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TUCoPS :: Web :: Apps :: bt989.txt

SQL-injection defensively







Copyright 2003 (c) Alumni



SQL-injection defensively



Questa materia fu mandato a memoria del giusto movimento,

"La Resistenza" di nome, del popolo italiano contro il fascismo,

anche a quel tempo durante la seconda guerra mondiale.





I. Problem stress:

While evaluating input data which being formed intentionally, the SQL-

processor (NB: vendor criteria is omitted here) can provoke execution of 

inadeqaute statement (such occurence is enlightened well by various 

security anlaysis). Oddly enough, our goal is to reduce the probability of 

successful attack.







II. Solution(s):

1. The 1st one and very primitive on my point of view is to organize a 

collection of numeric indexation.

Thus:

<input>   -> convertation ->   <input = [numeric]> ~ <the index table 

corresponding given index>



As you see, this works as if it would be a filter which excludes the 

symbols not belonging to given set of chars.

Besides, the index corresponding can be complex, it means that several 

input numbers being converted such way that result remains unique (so-

called collide prevention).



Ex:

NO_MORE_SQL_INJECTION({1,2,3},55) = 1*55^2+2*55^1+3 (the upper bound of 

index is 55).





2. The next solution is based on unicode scheme. The idea is in how to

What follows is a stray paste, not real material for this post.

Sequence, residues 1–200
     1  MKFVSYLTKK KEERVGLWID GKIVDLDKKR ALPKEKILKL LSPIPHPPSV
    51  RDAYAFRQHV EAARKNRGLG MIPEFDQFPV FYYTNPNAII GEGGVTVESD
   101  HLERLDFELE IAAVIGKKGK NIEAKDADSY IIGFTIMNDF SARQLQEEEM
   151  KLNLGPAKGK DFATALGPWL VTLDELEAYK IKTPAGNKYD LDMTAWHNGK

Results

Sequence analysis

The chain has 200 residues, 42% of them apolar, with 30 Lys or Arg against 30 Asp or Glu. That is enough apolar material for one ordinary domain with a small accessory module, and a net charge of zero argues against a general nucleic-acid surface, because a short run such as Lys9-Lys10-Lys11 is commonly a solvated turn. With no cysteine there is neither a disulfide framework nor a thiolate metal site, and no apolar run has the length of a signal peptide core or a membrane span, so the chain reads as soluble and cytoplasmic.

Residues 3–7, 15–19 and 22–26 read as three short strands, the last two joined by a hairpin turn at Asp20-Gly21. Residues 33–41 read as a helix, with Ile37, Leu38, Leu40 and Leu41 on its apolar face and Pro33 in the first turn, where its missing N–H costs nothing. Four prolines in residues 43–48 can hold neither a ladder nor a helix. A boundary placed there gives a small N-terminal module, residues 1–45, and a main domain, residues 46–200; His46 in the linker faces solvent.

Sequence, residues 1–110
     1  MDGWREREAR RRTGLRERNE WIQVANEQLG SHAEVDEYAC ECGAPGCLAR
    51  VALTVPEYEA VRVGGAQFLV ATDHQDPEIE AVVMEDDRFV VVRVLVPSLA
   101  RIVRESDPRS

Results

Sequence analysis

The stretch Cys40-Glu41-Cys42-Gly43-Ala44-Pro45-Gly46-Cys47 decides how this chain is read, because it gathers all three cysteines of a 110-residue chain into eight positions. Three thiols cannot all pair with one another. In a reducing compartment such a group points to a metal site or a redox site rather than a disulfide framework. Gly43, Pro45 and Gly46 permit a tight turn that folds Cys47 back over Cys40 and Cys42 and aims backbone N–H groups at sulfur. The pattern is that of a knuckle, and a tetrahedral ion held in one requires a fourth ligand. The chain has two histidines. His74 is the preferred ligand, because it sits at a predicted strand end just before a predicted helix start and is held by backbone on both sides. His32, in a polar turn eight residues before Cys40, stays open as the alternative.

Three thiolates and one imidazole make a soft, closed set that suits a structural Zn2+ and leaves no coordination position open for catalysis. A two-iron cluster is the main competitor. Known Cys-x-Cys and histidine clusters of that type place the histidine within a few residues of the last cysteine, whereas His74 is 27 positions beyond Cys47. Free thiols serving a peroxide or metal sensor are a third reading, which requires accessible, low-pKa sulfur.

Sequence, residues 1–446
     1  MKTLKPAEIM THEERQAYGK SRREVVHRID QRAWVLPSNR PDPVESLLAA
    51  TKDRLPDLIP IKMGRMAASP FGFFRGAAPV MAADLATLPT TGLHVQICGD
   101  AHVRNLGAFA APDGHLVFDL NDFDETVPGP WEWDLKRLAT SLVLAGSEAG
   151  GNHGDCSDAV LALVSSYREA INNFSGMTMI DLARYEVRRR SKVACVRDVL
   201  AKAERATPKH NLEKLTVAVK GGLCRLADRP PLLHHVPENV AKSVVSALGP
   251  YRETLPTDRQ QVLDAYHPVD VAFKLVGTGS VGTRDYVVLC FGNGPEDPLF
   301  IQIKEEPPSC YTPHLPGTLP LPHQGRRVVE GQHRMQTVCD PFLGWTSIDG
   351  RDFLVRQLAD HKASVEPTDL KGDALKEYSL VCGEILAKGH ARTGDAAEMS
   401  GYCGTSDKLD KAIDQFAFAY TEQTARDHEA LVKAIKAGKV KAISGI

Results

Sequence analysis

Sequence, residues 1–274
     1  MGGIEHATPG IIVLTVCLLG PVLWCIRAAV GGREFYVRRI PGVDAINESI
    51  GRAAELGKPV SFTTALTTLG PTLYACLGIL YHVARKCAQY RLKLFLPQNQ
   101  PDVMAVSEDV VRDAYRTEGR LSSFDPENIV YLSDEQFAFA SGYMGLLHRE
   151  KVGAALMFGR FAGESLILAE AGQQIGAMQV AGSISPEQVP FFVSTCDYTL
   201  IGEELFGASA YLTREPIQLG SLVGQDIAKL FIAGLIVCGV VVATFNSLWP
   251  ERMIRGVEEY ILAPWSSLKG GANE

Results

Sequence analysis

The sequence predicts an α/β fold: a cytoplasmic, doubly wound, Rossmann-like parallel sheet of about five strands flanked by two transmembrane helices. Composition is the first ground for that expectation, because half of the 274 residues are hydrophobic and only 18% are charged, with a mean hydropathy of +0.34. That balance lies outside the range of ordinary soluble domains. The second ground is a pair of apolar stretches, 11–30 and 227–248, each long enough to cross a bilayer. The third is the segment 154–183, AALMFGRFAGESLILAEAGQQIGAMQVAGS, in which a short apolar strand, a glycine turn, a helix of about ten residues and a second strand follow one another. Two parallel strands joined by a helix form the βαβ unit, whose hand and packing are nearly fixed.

avoid, as mentioned above, `inadeqaute SQL-statement execution`. Normally, 

the input string can alter processing request:



SQL:	select 'A' from X; 

Input: 	A = ' from NULL; select * from Y--

Provoked: select '' from NULL; select * from Y--' from X;



Let's filter the incoming data, converting them into unicode:

Logically it can be figured as:



[input: A] -> [UNICODE(A)] -> [SQL-processing] -> [^UNICODE(A)] -> [DATA 

PROCESSOR].



Thus,



SQL:	select 'A' from X; 

Input: 	A = ' from NULL; select * from Y--

Unicode:%27%20%66%72%6F%6D%20%4E%55%4C%4C%3B%20%73%65%6C%65

	%63%74%20%2A%20%66%72%6F%6D%20%59%2D%2D

Processing: select '%27%20%66%72%6F%6D%20%4E%55%4C%4C%3B%20%73%65%6C%65

	            %63%74%20%2A%20%66%72%6F%6D%20%59%2D%2D' from X;

Data processor: possibly, entry "' from NULL; select * from Y--" cannot be 

found in table X (the light in the end - attack stopped).



Thus, the method described above can be achieved in one occassion by 

providing the `black` box architecture which gives a capability from 

programmers side to manipulate data transmissions in spite of vendor's 

license of distribution.



I'd be glad to see more debates on this issue, that's why I've posted it 

to public newsletters, so that feel free to propose critical notions.


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